Will the minister also tell us whether he has contacted his counterparts who represent other fishing communities in north European nations, with a view to building alliances to protect the future of our fishing communities?

Photo of Ross Finnie Ross Finnie Liberal Democrat

I think I welcome Richard Lochhead's support for the Executive's position of fighting whole-heartedly to protect the Scottish fishing industry.

There will be occasions when the Scottish Executive leads the negotiations in Europe and there will be occasions when we do not lead them. To protect the Scottish fishing industry, it is vital that the message, theme and drive of every one of the UK votes are 100 per cent behind the Scottish fishing industry. I intend to ensure that they are. It is crucial that there is no dubiety about the UK's position in Europe of securing the long-term sustainable future of the Scottish fishing industry. As Richard Lochhead knows, Scotland represents 70 per cent to 80 per cent of the UK fishing industry. I have ensured that a clear commitment to the Scottish fishing industry is the position of the UK delegation in any discussion on fishing that takes place in the next few months.

The next question was on additional funding and, with all due respect, I think that that is a little premature. I have given a positive undertaking to work with the industry to examine the range of options. We need the most flexible toolbox to examine both the evidential basis of the scientific advice and the huge amount of material that the Scottish Fishermen's Federation and others have produced, and to arrive at what we believe is a practical alternative scheme. When we do that, the Executive will address the issue of how those alternatives are to be funded.

At the most recent fisheries council meeting and at the previous one, I met some of my counterparts who are engaged in the North sea. As I indicated in my statement, it is my intention to ensure that we have engaged with all the key players in the North sea, all of whom have a responsibility to deliver an alternative package in the interests of their industries. From my perspective, any package must ensure the interests of the Scottish fishing industry.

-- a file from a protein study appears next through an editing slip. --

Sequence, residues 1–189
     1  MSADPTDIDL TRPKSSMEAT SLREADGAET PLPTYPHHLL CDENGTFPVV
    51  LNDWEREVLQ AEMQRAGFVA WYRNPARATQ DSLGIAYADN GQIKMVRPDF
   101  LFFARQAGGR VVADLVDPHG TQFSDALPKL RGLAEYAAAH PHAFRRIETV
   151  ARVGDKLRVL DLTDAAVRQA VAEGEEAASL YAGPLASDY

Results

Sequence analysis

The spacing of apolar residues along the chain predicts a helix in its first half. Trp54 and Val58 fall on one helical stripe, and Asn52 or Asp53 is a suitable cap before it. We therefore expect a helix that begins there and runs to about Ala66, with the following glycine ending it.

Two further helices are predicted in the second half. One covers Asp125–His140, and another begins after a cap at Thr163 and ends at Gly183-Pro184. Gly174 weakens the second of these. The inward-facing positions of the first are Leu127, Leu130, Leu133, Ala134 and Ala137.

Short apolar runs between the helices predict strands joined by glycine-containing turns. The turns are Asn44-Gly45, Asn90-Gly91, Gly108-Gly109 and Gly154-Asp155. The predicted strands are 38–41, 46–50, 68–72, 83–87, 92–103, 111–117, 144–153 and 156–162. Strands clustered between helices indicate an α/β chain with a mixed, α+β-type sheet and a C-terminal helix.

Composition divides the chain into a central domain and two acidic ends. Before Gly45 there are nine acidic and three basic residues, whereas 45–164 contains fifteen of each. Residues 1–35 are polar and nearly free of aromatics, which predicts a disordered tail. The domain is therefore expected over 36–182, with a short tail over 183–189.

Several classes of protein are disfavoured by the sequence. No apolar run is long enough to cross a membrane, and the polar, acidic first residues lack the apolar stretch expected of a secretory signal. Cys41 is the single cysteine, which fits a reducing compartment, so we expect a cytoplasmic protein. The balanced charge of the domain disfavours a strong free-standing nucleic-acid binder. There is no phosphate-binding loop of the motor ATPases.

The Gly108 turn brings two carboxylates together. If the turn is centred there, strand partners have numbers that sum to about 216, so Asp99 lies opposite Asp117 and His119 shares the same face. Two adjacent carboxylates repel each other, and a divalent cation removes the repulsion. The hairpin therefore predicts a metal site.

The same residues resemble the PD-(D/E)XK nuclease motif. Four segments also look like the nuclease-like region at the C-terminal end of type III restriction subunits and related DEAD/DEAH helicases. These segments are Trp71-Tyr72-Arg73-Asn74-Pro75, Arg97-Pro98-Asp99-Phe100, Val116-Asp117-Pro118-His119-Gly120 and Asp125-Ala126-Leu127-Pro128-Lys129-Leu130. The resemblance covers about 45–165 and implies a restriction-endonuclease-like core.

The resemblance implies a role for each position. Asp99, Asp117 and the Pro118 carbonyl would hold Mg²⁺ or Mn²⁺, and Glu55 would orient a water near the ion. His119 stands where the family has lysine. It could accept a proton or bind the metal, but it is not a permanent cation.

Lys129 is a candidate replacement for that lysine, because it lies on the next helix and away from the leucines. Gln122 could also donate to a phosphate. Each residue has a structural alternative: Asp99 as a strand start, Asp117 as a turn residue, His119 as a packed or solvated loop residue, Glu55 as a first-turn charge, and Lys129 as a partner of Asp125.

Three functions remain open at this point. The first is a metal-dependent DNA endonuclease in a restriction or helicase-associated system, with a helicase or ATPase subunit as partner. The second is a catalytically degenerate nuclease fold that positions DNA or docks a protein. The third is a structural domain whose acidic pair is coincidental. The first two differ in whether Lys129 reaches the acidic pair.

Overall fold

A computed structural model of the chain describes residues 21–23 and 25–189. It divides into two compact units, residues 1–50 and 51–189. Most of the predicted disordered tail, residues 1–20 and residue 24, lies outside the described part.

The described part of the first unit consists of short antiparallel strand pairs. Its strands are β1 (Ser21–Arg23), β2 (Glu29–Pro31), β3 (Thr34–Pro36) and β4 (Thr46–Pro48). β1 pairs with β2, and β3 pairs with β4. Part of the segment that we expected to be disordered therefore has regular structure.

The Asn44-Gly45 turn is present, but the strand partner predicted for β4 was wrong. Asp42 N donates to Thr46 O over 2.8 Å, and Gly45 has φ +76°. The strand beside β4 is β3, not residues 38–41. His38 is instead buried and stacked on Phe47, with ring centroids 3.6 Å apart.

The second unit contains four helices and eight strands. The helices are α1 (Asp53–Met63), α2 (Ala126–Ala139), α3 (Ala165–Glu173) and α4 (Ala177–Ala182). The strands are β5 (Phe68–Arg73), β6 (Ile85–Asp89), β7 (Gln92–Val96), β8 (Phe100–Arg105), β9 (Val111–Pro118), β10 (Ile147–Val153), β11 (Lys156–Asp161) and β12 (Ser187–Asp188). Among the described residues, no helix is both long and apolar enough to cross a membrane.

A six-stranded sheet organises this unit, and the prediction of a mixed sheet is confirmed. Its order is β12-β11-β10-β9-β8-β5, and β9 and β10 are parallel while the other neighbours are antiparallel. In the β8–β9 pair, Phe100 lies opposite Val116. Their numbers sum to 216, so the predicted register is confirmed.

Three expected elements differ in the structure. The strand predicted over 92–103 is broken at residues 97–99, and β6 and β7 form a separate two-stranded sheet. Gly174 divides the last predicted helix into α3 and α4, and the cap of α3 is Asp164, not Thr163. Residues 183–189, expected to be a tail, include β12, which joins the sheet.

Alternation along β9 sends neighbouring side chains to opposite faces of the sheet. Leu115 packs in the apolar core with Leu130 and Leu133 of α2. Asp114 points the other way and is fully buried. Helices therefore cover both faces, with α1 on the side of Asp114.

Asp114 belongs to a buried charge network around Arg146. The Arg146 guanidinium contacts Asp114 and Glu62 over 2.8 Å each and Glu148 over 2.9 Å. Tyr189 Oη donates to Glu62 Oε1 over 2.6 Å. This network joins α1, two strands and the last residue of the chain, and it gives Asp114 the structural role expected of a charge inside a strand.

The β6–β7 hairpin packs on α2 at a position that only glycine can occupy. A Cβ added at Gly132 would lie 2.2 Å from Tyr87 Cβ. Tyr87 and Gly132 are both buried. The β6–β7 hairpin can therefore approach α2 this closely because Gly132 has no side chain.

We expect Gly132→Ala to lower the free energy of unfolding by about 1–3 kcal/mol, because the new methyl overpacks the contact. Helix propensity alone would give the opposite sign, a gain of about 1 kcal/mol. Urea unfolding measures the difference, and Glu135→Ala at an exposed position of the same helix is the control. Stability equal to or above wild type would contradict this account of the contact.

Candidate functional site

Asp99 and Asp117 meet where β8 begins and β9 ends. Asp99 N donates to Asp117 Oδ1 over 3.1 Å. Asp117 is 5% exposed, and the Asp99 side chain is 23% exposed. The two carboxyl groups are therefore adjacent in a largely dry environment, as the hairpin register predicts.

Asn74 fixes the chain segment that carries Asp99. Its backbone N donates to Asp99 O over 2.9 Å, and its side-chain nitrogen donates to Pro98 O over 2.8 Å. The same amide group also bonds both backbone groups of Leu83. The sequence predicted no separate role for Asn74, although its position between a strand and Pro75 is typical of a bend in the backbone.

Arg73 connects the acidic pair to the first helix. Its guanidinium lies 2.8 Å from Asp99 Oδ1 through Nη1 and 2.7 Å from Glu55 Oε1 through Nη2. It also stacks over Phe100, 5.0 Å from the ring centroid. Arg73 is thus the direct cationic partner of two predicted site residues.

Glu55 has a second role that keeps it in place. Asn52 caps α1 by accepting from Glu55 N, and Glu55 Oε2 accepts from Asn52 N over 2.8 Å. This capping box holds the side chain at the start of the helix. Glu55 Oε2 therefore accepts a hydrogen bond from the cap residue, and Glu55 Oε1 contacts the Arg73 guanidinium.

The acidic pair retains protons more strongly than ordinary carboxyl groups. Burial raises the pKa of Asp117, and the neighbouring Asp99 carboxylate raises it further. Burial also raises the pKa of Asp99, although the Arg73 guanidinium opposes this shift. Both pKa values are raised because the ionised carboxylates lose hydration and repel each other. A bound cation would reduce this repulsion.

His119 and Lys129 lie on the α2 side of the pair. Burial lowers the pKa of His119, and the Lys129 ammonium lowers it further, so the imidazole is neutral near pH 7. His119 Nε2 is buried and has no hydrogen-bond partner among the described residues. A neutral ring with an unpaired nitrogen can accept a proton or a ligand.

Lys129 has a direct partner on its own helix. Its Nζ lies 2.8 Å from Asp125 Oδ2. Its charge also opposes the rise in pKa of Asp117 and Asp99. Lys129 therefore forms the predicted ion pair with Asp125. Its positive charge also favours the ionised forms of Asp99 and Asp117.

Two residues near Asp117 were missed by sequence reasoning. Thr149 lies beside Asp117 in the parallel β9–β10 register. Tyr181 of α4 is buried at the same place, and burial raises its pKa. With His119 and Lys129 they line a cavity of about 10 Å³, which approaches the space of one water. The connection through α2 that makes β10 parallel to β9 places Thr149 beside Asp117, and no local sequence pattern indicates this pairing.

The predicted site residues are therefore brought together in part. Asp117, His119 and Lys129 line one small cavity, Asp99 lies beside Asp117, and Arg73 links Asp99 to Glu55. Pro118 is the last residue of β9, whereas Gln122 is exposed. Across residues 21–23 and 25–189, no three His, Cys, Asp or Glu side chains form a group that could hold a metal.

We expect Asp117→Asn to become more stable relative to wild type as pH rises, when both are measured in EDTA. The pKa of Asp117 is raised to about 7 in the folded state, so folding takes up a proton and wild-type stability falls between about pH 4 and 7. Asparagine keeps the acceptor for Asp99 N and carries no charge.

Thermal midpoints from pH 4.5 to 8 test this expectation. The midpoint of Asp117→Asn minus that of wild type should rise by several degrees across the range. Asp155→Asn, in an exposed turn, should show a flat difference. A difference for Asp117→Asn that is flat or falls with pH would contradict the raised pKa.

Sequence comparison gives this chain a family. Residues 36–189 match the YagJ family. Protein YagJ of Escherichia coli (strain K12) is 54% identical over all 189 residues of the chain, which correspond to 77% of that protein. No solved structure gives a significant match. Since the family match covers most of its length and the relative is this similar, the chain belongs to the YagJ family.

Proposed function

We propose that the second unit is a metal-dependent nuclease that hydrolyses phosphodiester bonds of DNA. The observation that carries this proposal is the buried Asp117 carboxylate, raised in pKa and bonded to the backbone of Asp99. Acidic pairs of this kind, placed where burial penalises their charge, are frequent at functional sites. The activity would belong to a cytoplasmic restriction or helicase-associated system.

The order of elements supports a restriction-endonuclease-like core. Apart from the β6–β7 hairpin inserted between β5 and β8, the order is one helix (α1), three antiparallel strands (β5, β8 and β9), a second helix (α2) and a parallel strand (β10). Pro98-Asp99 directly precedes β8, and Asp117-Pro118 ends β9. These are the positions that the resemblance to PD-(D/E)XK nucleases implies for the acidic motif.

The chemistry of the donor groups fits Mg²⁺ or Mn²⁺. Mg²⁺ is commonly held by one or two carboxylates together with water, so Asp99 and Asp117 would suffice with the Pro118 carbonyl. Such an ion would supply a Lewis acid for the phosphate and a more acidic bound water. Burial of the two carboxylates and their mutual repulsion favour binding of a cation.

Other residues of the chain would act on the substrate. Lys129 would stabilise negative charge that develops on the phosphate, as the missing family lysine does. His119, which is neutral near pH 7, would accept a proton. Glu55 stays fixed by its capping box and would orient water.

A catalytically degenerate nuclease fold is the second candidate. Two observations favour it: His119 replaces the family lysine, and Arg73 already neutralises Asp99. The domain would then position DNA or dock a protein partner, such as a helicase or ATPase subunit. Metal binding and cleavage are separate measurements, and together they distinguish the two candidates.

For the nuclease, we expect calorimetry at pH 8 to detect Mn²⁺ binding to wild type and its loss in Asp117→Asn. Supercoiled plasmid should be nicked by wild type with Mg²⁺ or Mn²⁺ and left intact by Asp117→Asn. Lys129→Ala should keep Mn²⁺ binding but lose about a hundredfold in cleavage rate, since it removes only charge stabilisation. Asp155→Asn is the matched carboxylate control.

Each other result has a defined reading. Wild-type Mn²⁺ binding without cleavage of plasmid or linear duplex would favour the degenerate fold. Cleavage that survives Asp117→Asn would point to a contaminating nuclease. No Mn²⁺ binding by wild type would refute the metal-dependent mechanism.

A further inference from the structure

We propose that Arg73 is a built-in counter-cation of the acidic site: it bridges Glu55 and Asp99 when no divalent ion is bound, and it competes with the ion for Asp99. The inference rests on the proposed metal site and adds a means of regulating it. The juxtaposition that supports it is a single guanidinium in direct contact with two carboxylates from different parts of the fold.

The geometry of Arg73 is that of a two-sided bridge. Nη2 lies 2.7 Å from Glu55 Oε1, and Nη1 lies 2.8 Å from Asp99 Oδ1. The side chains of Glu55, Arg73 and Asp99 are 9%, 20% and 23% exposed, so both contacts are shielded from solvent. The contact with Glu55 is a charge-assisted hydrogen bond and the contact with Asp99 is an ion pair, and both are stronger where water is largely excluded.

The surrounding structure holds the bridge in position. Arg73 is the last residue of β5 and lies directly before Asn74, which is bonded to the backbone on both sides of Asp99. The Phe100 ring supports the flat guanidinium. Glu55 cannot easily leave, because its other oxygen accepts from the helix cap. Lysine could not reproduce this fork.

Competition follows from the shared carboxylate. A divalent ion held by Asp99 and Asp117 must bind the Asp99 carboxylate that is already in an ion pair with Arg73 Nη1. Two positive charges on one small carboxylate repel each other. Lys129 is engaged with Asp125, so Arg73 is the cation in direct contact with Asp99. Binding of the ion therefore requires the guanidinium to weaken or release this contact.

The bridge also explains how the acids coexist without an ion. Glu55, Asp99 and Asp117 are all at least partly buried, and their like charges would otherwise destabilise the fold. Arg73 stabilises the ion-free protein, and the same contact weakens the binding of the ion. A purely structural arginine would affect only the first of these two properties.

Photo of Jamie McGrigor Jamie McGrigor Conservative

I am glad that the minister says that he will not preside over the destruction of the Scottish fishing industry. I am also glad that he says that he will listen to the fishing industry representatives, who should be at the forefront of the management of stocks. It is they who know the waters and they who have long maintained that whenever water temperatures rise, cod stocks fall.

Has the minister asked why Franz Fischler is suggesting closure this year, when he did not do so last year, when stock figures were worse? Does he agree that the common fisheries policy has been a miserable and catastrophic failure of management, which has damaged and continues to damage the Scottish fishing industry? Does he agree that a change is required and that restoration of national control and management of our own waters are the best way to conserve stocks and save thousands of livelihoods in the Scottish fishing industry?

Photo of Ross Finnie Ross Finnie Liberal Democrat

It is always unusual to have the Tory party's new policy of leaving Europe announced in the middle of such an important statement. Perhaps Mr McGrigor should reflect on that. He is well aware that the common fisheries policy is currently being reviewed because there is unanimous recognition that it is not working. That is why it is being revised, and I do not think that we have to debate or argue that point. What is much more important is that, in the reform of the common fisheries policy, we secure all the objectives that are crucial to the Scottish fishing industry. As Mr McGrigor is well aware, the key questions are relative stability, the impact of the Hague preference and looking after the Shetland box. Those are crucial matters.

Most important of all is the issue to which Mr McGrigor alluded—the involvement and engagement of the fishing industry. The reform will not necessarily meet its deadline date of December. Therefore, we are trying to set a precedent of ensuring that, in reaching an alternative to Mr Fischler's proposals, we work hand in glove with the industry. That is the undertaking that I gave three weeks ago, and I stick to that.

Photo of Iain Smith Iain Smith Liberal Democrat

I am sure that the minister will agree that Scottish fishermen have no confidence in Franz Fischler, particularly in relation to his selective use of scientific evidence and his failure to take account of what has already been done in Scotland since 2001. Does the minister also recognise the growing despair of the fishermen of Fife, who feel that their problems are not being listened to? Will he give an undertaking that he will challenge the failure of Franz Fischler and the European Commission to accept that there is little or no bycatch from the prawn fishing from Pittenweem or Eyemouth, that the prawn fishery is sustainable, and so that there is no case whatever for cutting or closing Scotland's prawn fisheries?

Photo of Ross Finnie Ross Finnie Liberal Democrat

I agree with that. I shall simply reiterate what I have made absolutely clear: there is no evidence that the prawn fisheries in Mr Smith's constituency in the east neuk of Fife, in Pittenweem and in other prawn fisheries, including those on the west coast, result in a bycatch. As I said in my statement, we produced ample evidence to demonstrate that point and it is ludicrous for the Commission to suggest any closure of the nephrops fishery.